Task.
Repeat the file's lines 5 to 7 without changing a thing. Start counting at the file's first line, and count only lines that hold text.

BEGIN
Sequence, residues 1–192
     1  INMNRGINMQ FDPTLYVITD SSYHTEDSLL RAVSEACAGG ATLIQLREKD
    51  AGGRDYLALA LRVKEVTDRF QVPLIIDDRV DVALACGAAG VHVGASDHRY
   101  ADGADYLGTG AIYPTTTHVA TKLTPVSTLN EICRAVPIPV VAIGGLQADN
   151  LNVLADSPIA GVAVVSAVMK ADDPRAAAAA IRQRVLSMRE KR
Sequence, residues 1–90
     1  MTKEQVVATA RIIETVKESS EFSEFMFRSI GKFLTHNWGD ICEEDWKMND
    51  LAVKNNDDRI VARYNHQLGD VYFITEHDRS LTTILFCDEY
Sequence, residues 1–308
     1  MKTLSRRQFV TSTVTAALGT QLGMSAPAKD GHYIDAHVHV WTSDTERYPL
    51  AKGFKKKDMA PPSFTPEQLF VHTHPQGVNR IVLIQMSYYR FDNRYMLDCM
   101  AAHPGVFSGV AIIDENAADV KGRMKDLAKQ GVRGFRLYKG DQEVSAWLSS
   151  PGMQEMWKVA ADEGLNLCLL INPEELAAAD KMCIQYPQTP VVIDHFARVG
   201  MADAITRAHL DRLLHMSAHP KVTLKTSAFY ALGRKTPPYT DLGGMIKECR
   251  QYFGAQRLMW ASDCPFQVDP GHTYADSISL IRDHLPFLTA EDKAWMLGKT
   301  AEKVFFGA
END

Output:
   151  LNVLADSPIA GVAVVSAVMK ADDPRAAAAA IRQRVLSMRE KR
Sequence, residues 1–90
     1  MTKEQVVATA RIIETVKESS EFSEFMFRSI GKFLTHNWGD ICEEDWKMND